[T]he question presented by a motion to dismiss a complaint for insufficient pleadings does not turn on the controls placed upon the discovery process.
* * * *
We decline [plaintiff’s] invitation to relax the pleading requirements on the ground that the Court of Appeals promises petitioners minimally intrusive discovery. . . . Because [plaintiff’s] complaint is deficient under Rule 8, he is not entitled to discovery, cabined or otherwise.
Ashcroft v. Iqbal, 556 U.S. 662, 684-85, 686 (2009) (citations, including to Twombly, omitted).
But once again Wilson gave short shrift to Supreme Court precedent, holding instead that a perceived need for discovery excused any failure by the plaintiff to plead a plausible parallel claim. Plaintiffs should be given the opportunity to “flesh out” their complaint after “participation in discovery.” 2023 WL 6216933, at *7.
Plaintiff indicated, once she obtained the PMA approval order and related documents through discovery, Plaintiff would amend the Complaint based on the specific requirements set forth therein as necessary. As noted above, in cases alleging the defective manufacture of a medical device, courts must keep in mind that much of the product-specific information about manufacturing needed to investigate such a claim fully is kept confidential by federal law, such that formal discovery is necessary before a plaintiff can fairly be expected to make detailed statements on the specific bases of her claims.
Id. (citing Bausch, other citations and quotation marks omitted). That rationale is about as far from the Supreme Court’s holdings in TwIqbal, quoted above, as it is possible to be.
Having disposed of preemption by completely negating Riegel through procedural gymnastics, Wilson proceeded to make a hash of Illinois tort law as well. Again citing Bausch, the decision indicates that “a violation of a statute, designed to protect human life, is prima facie evidence of negligence in Illinois.” 2023 WL 6216933, at *7. That single-sentence discussion overlooked Martin v. Ortho Pharmaceutical Corp., 661 N.E.2d 352 (Ill. 1996), which directly addressed the “the doctrine that the violation of a statute, ordinance, or regulation designed for the protection of life or property is prima facie evidence of negligence,” in the context of the FDCA. Id. at 355. This doctrine could not apply to the FDCA because.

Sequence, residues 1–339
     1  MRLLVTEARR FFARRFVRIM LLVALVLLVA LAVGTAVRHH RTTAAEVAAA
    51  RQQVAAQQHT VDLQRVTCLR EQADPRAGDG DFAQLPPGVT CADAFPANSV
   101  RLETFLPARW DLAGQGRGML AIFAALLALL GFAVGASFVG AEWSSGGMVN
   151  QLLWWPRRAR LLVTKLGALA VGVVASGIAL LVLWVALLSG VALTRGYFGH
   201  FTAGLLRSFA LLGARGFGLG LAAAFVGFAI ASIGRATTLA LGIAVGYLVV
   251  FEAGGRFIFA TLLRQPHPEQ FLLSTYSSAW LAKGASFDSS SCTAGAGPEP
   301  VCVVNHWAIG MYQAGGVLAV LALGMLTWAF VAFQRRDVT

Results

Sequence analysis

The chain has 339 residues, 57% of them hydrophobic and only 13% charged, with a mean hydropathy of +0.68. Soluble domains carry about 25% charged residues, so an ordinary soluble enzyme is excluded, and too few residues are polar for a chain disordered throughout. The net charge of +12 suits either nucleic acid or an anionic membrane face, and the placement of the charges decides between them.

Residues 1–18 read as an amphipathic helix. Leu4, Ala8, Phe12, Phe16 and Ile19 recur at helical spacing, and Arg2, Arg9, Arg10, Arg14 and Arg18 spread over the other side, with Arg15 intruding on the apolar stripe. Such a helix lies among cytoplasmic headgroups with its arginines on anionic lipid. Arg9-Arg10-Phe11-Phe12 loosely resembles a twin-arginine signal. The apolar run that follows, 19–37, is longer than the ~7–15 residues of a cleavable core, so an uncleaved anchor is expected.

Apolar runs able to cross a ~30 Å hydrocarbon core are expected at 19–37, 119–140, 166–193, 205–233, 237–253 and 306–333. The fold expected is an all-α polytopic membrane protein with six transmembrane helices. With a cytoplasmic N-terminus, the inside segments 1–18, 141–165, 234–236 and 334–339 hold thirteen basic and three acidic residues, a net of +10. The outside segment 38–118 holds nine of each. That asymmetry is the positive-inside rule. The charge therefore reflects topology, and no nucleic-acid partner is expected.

[T]he instant plaintiffs seek to premise a private cause of action in State court upon defendant’s alleged violation of Federal legislation. Therefore, to determine whether a cause of action for a violation of [an FDA regulation] exists, we examine whether such a cause of action has been recognized by the Federal courts or whether recognizing such a cause of action comports with Federal legislative intent. This inquiry forecloses plaintiff’s cause of action. Federal courts have uniformly refused to imply a private cause of action under the Food, Drug and Cosmetic Act (FDCA).
Id. at 356 (emphasis added). Moreover, Martin was decided before Buckman Co. v. Plaintiffs Legal Committee, 531 U.S. 341 (2001), which put an end to any doubt about this proposition. Id. at 349 (“The FDCA leaves no doubt that it is the Federal Government rather than private litigants who are authorized to file suit for noncompliance”). So, in less than a paragraph, Wilson managed to reach a result contrary to both the United States and Illinois supreme court precedent.
In that same muddled paragraph, Wilson also appears to hold that a failure to report claim, although not described in any detail, can state a cause of action of action under Illinois law so as to overcome a motion to dismiss. 2023 WL 6216933, at *7. Wilson stated that some “associated duty,” presumably associated with the purported FDCA violation claim, “is not limited to issuing warnings directly to end users” and cited Laverty v. Smith & Nephew, Inc., 197 F. Supp.3d 1026, 1032 (N.D. Ill. 2016), an early case that improperly predicted that Illinois would allow a failure to report claim in the absence of any supportive Illinois precedent. 2023 WL 6216933, at *7.